On Tue, 07 Apr 1998 14:04:20 GMT Dave Kerry wrote:
> On Tue, 7 Apr 1998 9:46:23 +0100
> Ian Winship, Univ. Northumbria wrote
> >The Dearing Report on higher education introduced the concept of
> >and Information Technology (CIT or C&IT or CITs).
> >Do these terms have distinct meanings, or is ICT/CIT just a a fashion
> change -
> >a sort of New IT or Cool IT?
> I think it's just change of fashion, leading to confusion until everyone
> get's used to it. I still stick to IT, or sometimes "computing".
> What I really object to is IT people or posts simply being referred to
> as "information", when they are far more technology-oriented than
> information-oriented. Having worked for many years in IT before
> switching to librarianship, I am aware of how little IT people know
> about many issues concerning information, as well as only being
> concerned with a limited range of media which does not include the most
> prevalent (print).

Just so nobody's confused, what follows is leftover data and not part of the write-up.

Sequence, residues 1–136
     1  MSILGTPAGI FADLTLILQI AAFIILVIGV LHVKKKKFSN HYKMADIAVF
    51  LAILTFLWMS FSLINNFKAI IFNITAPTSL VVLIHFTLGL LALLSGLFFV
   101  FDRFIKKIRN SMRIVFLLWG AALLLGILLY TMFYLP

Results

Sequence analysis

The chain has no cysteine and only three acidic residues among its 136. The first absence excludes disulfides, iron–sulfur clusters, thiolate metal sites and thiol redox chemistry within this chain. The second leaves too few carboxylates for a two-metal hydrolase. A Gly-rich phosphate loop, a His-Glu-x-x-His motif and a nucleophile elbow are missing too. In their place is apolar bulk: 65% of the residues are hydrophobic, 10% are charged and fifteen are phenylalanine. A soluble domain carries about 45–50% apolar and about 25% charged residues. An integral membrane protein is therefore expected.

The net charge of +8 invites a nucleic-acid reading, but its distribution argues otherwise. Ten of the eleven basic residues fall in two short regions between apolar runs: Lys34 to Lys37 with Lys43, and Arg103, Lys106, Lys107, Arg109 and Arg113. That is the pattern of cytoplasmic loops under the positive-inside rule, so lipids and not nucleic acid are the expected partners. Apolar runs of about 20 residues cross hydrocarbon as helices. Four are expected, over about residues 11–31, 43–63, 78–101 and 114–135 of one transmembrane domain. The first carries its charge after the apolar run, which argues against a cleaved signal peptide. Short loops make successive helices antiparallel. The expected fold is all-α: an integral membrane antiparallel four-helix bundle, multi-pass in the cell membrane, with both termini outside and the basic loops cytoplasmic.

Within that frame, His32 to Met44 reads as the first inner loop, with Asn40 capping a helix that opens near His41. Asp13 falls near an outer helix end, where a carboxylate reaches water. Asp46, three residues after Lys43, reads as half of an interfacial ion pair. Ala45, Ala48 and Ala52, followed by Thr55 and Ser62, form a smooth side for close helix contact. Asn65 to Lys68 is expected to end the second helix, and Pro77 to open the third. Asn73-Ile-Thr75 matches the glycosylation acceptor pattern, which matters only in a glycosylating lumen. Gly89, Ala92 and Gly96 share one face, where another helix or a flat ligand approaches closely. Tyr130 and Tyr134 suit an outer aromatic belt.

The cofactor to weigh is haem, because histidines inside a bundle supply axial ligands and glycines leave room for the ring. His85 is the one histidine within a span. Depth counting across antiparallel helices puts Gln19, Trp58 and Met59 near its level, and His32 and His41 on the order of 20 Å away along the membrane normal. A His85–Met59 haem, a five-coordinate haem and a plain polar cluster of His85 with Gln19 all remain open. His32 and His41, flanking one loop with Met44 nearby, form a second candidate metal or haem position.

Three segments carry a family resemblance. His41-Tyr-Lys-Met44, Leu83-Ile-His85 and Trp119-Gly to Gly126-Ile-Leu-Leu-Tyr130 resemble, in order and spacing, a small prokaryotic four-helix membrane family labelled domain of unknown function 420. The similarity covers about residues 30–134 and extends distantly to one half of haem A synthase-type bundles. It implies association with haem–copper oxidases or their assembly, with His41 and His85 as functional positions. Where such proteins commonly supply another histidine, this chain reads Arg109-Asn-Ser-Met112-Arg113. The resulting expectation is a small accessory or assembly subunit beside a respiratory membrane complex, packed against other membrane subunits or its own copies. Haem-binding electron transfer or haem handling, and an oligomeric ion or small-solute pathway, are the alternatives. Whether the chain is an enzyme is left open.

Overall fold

I assume this excludes the ever increasing mountains of paper (books,
manuals, journals, trade-papers, etc.) that we IT people accumulate in our
One of the difficulties has been the gap between librarians and
technologists. I am sure that Dave Kerry will have been aware when
wearing his IT hat that librarians have been among the last to take any
interest in the application of computers to their craft/art/profession
beyond the valuable but (relatively) technically trivial cataloguing of
There have been exceptions of course, but there been very much a cultural
division: Humanities (librarianship) versus Science/Engineering
(computing); traditional human intellectual activity versus upstart metal
Librarian: "How can a mere calculating machine handle the subtle
outpourings of the human mind?"
Computer Person: "How can a computer deal with anything so ill defined and
imprecise as what librarians call 'information'?"
Since the word "information" has so many different meanings, mostly with
fuzzy boundaries, it is hardly surprising that mutual incomprehension has
existed and still exists.
Peter W Duncanson E-mail: [log in to unmask]
Principal Analyst Fax: +44 (0) 1232 230592
Computing Services Phone: +44 (0) 1232 273410
The Queen's University Of Belfast or: +44 (0) 1232 335375